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|U.S. Classification||455/502, 370/335, 375/356, 455/13.2, 455/208, 370/345, 455/436, 375/145|
|International Classification||H04B7/00, H04W72/08, H04B15/00, H04W36/14, H04L7/00, H04B7/19, H04W36/30, H04W24/10, H04B1/00, H04J3/00, H04B1/16, H04B7/216, H04W36/00|
|Cooperative Classification||H04W36/0088, H04W36/14, H04W72/08|
|May 18, 2005||AS||Assignment|
Owner name: QUALCOMM INCORPORATED, CALIFORNIA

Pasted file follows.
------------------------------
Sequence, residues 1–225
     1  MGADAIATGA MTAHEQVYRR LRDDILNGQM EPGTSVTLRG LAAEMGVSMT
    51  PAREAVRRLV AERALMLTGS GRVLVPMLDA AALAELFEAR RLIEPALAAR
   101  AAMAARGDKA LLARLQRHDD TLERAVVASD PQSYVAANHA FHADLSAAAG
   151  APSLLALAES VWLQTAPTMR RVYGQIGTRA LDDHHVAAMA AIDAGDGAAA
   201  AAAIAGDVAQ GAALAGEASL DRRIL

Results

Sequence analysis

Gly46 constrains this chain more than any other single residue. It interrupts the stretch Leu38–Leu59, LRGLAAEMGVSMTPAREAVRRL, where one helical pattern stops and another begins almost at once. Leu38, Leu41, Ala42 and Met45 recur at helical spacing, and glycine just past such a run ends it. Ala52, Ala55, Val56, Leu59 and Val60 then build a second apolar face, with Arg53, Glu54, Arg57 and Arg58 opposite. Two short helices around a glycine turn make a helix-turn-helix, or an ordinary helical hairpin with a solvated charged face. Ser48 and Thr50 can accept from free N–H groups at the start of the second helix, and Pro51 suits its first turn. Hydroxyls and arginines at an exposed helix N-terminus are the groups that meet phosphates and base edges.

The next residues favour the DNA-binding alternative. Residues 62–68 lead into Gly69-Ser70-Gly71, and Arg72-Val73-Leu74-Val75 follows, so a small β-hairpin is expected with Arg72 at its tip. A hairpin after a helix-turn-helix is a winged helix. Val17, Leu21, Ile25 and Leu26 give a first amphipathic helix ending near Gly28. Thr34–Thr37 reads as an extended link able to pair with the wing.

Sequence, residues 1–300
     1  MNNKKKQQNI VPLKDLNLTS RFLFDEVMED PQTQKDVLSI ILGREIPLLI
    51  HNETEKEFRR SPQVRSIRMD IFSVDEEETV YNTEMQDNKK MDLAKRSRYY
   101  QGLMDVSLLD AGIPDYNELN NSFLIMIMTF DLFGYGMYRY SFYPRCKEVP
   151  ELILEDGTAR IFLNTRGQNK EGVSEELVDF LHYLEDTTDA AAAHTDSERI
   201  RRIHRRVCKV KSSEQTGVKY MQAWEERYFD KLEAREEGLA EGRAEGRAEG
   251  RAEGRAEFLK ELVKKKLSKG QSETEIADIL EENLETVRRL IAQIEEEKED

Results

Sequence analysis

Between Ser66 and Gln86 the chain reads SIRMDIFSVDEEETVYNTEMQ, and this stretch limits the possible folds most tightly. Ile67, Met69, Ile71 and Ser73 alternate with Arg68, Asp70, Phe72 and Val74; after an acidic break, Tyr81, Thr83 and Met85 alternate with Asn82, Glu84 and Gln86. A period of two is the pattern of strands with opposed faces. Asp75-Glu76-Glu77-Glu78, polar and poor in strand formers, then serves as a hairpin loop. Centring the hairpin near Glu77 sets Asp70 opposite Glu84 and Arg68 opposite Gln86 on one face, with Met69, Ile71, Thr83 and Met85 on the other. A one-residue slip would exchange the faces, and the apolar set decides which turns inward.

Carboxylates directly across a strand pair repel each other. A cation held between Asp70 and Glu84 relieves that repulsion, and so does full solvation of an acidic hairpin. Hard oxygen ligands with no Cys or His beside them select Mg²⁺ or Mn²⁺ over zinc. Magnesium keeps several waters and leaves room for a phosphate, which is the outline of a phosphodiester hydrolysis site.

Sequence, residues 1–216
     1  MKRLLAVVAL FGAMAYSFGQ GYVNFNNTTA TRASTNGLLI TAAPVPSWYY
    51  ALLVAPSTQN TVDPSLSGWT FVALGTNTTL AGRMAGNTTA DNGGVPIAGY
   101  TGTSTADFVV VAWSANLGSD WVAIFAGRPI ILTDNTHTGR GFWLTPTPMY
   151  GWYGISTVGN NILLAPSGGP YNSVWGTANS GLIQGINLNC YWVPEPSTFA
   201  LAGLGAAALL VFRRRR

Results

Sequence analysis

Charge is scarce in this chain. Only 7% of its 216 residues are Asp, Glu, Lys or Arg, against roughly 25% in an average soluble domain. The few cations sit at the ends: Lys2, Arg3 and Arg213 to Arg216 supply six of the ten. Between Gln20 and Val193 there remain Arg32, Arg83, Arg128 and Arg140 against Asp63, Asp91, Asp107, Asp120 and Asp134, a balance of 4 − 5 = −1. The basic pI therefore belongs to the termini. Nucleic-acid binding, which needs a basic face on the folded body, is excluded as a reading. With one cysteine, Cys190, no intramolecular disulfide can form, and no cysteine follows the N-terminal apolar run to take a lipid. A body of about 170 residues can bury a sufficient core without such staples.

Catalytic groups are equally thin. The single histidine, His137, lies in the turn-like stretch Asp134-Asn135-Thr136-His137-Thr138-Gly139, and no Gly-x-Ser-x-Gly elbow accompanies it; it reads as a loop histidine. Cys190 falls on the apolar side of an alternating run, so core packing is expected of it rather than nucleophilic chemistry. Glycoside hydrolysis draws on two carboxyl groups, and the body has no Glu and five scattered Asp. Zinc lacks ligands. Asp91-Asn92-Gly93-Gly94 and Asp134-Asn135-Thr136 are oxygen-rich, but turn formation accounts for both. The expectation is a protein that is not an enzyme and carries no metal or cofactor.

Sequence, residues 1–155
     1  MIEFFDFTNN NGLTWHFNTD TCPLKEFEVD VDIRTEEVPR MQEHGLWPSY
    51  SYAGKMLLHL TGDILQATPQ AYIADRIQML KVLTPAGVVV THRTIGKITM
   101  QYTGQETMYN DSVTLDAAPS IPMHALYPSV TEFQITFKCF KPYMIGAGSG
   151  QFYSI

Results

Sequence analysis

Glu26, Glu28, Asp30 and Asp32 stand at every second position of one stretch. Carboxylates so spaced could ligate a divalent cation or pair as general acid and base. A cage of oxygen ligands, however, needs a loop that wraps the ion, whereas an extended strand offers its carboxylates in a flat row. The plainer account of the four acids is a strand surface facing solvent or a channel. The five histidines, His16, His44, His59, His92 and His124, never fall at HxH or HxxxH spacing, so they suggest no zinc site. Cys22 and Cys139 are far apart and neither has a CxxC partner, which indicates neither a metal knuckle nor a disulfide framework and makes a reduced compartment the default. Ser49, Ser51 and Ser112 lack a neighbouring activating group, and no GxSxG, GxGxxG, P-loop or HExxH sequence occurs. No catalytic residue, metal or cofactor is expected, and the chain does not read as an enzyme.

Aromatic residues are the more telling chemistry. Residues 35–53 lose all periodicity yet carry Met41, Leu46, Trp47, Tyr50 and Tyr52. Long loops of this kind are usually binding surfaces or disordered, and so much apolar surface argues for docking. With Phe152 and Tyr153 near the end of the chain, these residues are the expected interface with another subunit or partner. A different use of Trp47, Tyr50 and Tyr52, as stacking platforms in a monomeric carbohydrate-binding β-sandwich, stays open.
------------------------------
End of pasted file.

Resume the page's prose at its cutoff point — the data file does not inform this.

Free format text: ASSIGNMENT OF ASSIGNORS INTEREST;ASSIGNOR:MANOHAR, BOLLAPRAGADA VENKATA JANAKI;REEL/FRAME:016253/0246
Effective date: 20050517
Owner name: QUALCOMM INCORPORATED,CALIFORNIA
Free format text: ASSIGNMENT OF ASSIGNORS INTEREST;ASSIGNOR:MANOHAR, BOLLAPRAGADA VENKATA JANAKI;REEL/FRAME:016253/0246
Effective date: 20050517
|Sep 25, 2013||FPAY||Fee payment|
Year of fee payment: 4